Research and Teaching
Michal Valko deciphers machine learning
Michal Valko - © Inria / Photo A. Wrona
Can machines learn for themselves? INRIA researcher Michal Valko is convinced of it. It’s an idea he is passing on to his students in the prestigious MVA Master’s course run by ENS Cachan.
Michal Valko’s research is aimed at creating computer programs capable of adapting to their users or their environment. Since 2011, Valko has been a member of the Sequel* project-team (associated with Centrale Lille, and Lille 3 University*) of Inria Lille - Nord Europe. To achieve this, Michal Valko designs learning algorithms capable of operating autonomously, in which human intervention is reduced to a minimum. These algorithms are designed to create “machines capable of learning” – computers, firmware, or robots – to react on the basis of their acquired experience. “ A machine needs time if it is to become intelligent” , Michal Valko considers, “So it has to have help, and its learning process requires close supervision. My work consists in finding the best possible balance between the need for learning and the need for the system to operate efficiently ” .
A machine needs time before it can become intelligent, so it needs help, through supervision of its learning process
From intelligence on the web
To perfect his algorithms, Michal Valko has relied on adaptive learning. This is the method used by online sales sites whose algorithms progressively incorporate the buying practices of cybernauts. As an example, someone who tends to buy particular clothing brands might also enjoy a particular type of movie. This trains the system into make suggestions for relevant purchases. Such intelligent algorithms are conquering new domains, of which the most promising are the MOOC (Massive Open Online Courses). “These learning machines can improve individual tutoring and interactivity in online teaching based on the learners’ responses ”, asserts Michal Valko.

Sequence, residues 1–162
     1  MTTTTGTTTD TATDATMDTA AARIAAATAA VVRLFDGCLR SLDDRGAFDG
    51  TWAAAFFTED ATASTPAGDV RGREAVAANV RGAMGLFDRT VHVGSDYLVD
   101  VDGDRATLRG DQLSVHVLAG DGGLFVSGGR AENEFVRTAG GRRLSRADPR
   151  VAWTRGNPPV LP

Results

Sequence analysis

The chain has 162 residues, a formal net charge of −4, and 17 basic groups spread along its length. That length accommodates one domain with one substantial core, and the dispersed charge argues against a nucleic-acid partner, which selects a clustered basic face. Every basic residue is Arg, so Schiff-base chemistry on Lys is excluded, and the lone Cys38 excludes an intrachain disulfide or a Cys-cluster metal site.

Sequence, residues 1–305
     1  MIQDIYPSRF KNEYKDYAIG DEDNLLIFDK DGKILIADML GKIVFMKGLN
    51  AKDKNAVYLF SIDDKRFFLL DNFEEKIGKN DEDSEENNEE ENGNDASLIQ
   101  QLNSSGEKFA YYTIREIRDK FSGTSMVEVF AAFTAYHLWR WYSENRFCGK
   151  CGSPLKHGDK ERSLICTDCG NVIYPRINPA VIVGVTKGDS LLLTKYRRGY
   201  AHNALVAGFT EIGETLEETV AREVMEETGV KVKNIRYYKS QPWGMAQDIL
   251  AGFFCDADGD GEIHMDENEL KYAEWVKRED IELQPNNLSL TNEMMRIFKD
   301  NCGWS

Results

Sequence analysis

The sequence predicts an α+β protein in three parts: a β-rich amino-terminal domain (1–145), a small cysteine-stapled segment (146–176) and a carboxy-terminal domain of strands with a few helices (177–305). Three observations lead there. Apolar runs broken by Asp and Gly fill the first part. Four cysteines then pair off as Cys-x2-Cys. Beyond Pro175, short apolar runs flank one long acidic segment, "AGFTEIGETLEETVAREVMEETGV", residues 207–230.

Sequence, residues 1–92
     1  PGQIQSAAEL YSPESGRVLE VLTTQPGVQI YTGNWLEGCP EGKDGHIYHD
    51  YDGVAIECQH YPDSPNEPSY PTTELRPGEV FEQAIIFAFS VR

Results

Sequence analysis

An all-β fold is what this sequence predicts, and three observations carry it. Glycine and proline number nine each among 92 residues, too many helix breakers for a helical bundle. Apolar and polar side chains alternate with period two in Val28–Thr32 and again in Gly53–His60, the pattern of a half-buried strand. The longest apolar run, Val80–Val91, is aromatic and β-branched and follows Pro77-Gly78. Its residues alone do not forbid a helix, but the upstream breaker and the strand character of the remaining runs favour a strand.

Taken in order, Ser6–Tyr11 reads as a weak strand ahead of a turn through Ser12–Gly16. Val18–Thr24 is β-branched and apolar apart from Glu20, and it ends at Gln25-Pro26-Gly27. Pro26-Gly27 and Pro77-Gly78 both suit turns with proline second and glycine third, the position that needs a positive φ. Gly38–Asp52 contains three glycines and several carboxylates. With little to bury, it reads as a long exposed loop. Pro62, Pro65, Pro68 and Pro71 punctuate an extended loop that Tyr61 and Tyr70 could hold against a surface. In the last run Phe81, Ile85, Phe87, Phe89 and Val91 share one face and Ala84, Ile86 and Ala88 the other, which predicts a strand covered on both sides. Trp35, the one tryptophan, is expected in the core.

The challenge of teaching
Consequently, there is nothing surprising in the fact that Michal Valko’s expertise is being closely monitored by major corporations such as Intel, Technicolor, and Microsoft. The academic world is not lagging behind; this researcher has been asked to provide a series of courses by ENS Cachan on the subject of machine learning, as part of an MVA master’s degree (see the box). “Michal is supplementing our training on inference issues for relational data modeled by graphs, ” explains Nicolas Vayatis, director of the Master’s course. “This subject is growing exponentially due to the emergence of new generations of intelligent applications destined, for example, for the Internet or for biology. France currently has very few specialists of international standing in this field. We are therefore delighted to have Michal joining us! ”
From their first year, Michal Valko’s courses were praised by his fifty or so students. “You can expect increasing success due to the quality of teaching and up-to-the-minute knowledge of the subject ”, is Nicolas Vayatis’ analysis. This is a challenge that Michal Valko is eager to meet: “There is no equivalent course anywhere in the world. So much remains to be done. It is very exciting and gratifying to teach such motivated students. In any case, I spend a lot of time after class replying to all sorts of questions! ”
MVA* Master’s: an international reputation
The arrival of Michal Valko reinforces even further the international reputation of the prestigious MVA Master’s (Master Program in Computer Vision and Machine Learning) run by ENS Cachan. The course is highly selective, accepting only 30% of candidates, i.e. around 80 students annually, most of whom have trained as engineers at France’s most prestigious technical universities, the “grandes écoles” and at the finest universities elsewhere in the world. The reputation of the Master’s degree course is based on the quality of the faculty, all of whom are researchers with an international reputation whose teaching is based on the concrete application of math tools.
“The MVA Master’s favors symbiosis between teaching and research, causing the students to constantly raise questions, ” explains the course director, Nicolas Vayatis. “There are still no works of reference for the subjects being taught. These teacher-researchers therefore have to construct everything themselves. But in doing so, they gain direct benefits. Students on the MVA Master’s course constitute a powerful reservoir of future doctoral candidates. ”
* within UMR 9189 CNRS-Centrale Lille-Lille1 University, CRIStAL.